John Machnik  (1920 - 1944) -  Son of Peter Machnik and Martha (Sniegowski) Machnik. 

John was a member of a unit designated to clear mines. On July 20, 1944, John,  his friend, Ben Kaiser, and fellow soldiers Kenneth Helseth and Roy Franze, were clearing a beach one-half mile south of Vada, Italy. One of them accidentally triggered an S-mine (known to the Americans as a Bouncing Betty because it would "jump" up to the height of a man's crotch before exploding.) It was one of the most feared weapons of World War II. John and Ben were killed. Kenneth and Roy survived, but were wounded.  (Source:  Blog of the 109th Combat Engineers)

Reginald Riviere (1930 - 1951) - Son of  Frank Riviere and Victoria (Kowalkowski) Riviere

Died of wounds received in combat on April 12, 1951. Before his death, he wrote to his parents that his squad had been attacked on a hill in North Korea. He had been hit by fragments from an exploding mortar shell which had torn through his stomach.
Source: Milwaukee Journal, June 20, 1951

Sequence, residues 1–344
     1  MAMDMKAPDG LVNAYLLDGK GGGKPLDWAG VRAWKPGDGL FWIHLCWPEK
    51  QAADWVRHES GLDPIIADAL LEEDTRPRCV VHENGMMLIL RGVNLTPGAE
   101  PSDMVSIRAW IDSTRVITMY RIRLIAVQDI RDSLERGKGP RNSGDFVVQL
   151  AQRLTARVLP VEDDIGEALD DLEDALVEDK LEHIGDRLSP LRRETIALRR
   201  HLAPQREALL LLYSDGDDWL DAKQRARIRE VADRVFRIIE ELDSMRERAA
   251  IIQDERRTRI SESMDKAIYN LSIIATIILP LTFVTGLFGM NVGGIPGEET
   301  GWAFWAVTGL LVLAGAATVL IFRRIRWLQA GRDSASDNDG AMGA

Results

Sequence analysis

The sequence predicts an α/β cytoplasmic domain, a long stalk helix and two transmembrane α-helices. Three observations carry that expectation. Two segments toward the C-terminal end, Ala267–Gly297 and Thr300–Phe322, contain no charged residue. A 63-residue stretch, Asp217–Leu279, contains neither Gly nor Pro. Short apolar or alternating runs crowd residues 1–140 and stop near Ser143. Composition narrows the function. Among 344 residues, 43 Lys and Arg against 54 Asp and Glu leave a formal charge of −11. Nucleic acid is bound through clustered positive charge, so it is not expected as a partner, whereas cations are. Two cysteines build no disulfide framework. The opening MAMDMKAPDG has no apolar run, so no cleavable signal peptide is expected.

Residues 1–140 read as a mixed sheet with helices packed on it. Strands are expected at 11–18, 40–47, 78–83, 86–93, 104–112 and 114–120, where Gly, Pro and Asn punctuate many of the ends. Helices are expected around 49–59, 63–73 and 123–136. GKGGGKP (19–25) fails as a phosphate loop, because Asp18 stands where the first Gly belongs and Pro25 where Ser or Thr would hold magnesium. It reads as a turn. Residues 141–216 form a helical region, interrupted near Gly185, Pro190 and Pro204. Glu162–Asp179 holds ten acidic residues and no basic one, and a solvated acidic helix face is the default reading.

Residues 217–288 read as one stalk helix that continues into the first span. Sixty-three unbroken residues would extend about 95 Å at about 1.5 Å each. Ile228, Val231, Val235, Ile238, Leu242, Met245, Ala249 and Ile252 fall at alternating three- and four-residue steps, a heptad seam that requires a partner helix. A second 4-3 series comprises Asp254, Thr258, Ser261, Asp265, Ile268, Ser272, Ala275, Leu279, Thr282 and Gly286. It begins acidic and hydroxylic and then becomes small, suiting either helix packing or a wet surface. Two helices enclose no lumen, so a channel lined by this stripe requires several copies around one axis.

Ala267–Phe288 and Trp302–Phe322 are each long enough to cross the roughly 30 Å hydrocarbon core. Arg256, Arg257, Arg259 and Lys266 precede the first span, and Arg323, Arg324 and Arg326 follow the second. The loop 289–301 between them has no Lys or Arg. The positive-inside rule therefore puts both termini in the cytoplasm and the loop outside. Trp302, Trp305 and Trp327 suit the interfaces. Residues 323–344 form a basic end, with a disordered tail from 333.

George F. Rogalska (???? - 1918) - Son of Fred Rogalska and Lydia (Lemmons) Rogalska.  A PFC in the Headquarters Company, 128th Infantry Division.  He was killed in action in France on August 2, 1918.

Robert Tutaj (1926 - 1945) - Son of Joseph Tutaj and Clara (Fennig) Tutaj - a Marine, he was killed in action on Okinawa on May 10, 1945, two days after the war in Europe had ended. 

John Wask (1914 - 1945) - Son of Andrew Wask and Marianna (Smolterowicz) Wask - John was a Sergeant in 28th Infantry Division. He was killed in action in the European Theater of Operations on February 5, 1945.

Sunday, November 4, 2012

Status Update - November, 2012

Family Names Added Since Last Update:


Number of Profiles Added Since Last Update:  252

New Intra-Connections (Lucht to Fons):